Since Trax is the only horse I have left to ride (for now) I took him over to cow night at Rattlesnake Arena. It was oddly quiet this night, which I was actually glad for. It was just me and one other friend...and six cows to have our way with.

Trax and I do a lot of "stop, back up, roll back and move out" but we do it for no apparent reason, and he always thought I was just torturing him, I am sure. So I tortured him some more tonight and then we very slowly moved some cows around using the same routine.

Now this is not his first time doing this, but Trax is a front end horse. He can spin around faster on his front end than any horse I know, so he has held a cow on a fence before...just not correctly. Tonight I asked him to do it correctly.

At some point in the evening, something in him clicked. He suddenly realized that all the fancy foot work torture we have been doing for all this time had a purpose, and that purpose is to have our way with the cows. At one point I managed to get off of his face and he managed to start moving off of his hind end, drop his head and follow my legs and seat.

I'm not talking world class cutting here, but there were some serious moments of clarity for us, and we did manage to shut the cows down. Even when one got away from us, we headed him off and turned him around.

And the paint horse suddenly was having fun!

He still doesn't have that presence that Melly has, but he had purpose and it was a great start. Who knows, maybe he'll be able to be a sorting horse after all.

Sunday, March 11, 2018

Barrel Racer Blues

Trax and I are in the beginning of our season with the Queen Creek Barrel Racing Association.  So far it has not gone well. We have had 2 races and ended up with broken pattern and a very last place with a 22 second run.

Here is a link to the 22 second run.  His first barrel is almost always pretty nice, but 2 and 3 we seem to lose all forward momentum. 

Our broken pattern run was my fault because we were wide on #3 and when I put my leg on to push him over, he side passed right over past the the barrel.  I'll own up to that one as being my fault.  I don't have a video of that.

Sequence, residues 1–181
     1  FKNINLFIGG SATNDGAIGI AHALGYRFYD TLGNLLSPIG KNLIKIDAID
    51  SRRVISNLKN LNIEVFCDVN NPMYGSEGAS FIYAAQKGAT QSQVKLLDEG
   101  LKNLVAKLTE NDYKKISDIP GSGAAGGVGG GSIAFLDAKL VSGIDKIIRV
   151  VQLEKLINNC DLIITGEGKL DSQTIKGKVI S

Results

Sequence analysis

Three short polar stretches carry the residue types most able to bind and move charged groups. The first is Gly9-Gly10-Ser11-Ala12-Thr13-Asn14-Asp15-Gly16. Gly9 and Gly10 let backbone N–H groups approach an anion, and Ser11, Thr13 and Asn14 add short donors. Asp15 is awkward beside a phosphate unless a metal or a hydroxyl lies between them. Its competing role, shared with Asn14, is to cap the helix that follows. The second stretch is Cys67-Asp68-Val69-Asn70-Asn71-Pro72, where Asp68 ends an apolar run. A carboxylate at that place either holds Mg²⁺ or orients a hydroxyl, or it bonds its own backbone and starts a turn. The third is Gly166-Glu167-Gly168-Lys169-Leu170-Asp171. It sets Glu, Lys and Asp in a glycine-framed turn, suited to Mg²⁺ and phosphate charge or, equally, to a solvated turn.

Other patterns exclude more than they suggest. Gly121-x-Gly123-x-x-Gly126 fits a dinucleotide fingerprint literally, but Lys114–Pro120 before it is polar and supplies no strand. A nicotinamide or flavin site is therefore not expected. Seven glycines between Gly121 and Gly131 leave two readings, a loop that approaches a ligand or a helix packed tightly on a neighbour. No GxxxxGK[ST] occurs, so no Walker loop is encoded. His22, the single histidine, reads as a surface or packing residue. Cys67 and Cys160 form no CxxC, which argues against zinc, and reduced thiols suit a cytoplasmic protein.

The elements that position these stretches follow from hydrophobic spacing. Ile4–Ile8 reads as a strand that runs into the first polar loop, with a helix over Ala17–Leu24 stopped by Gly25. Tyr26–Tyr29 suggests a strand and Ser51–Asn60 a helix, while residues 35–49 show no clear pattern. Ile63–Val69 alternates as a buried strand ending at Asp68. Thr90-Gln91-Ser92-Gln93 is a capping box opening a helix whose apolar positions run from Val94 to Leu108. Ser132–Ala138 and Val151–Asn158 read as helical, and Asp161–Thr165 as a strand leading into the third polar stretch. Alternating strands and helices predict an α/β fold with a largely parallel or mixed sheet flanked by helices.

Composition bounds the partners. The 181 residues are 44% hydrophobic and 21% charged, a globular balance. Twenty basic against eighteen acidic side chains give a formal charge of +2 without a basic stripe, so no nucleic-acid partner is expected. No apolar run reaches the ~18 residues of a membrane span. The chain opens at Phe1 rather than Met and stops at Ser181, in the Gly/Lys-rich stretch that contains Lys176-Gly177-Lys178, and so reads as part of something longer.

The one I won't own up to was This little dirty trick he pulled.  That duck on the 3rd barrel was all him.  However I am less concerned with that than I am our other two turns. If he does it again, then I will be concerned.   But today I am talking about one and two. Once again, we lose forward momentum.

This was not at the QCBRA, which I was really glad for, because these sorts of runs will not get us anywhere near a year end award.  (which is my goal)  It was another little local race and I was glad I went, and while I didn't hate the run, I think we can do better. 

I'm no trainer, and of course I get lots of great advice, and I am working with a trainer who I like.  But at some point in time I have to do some of my own thinking.  Don't get me wrong,  I appreciate every bit of advice I get from all my friends and my trainer.  I pay attention and try all if it and keep what works and file away what doesn't for another time, or another horse.  However, the one thing I always come back to is that this is my horse, and nobody knows him better than I do, so sometimes I get further by using what I know works over what someone else thinks I should do.  It doesn't always work that way, but sometimes.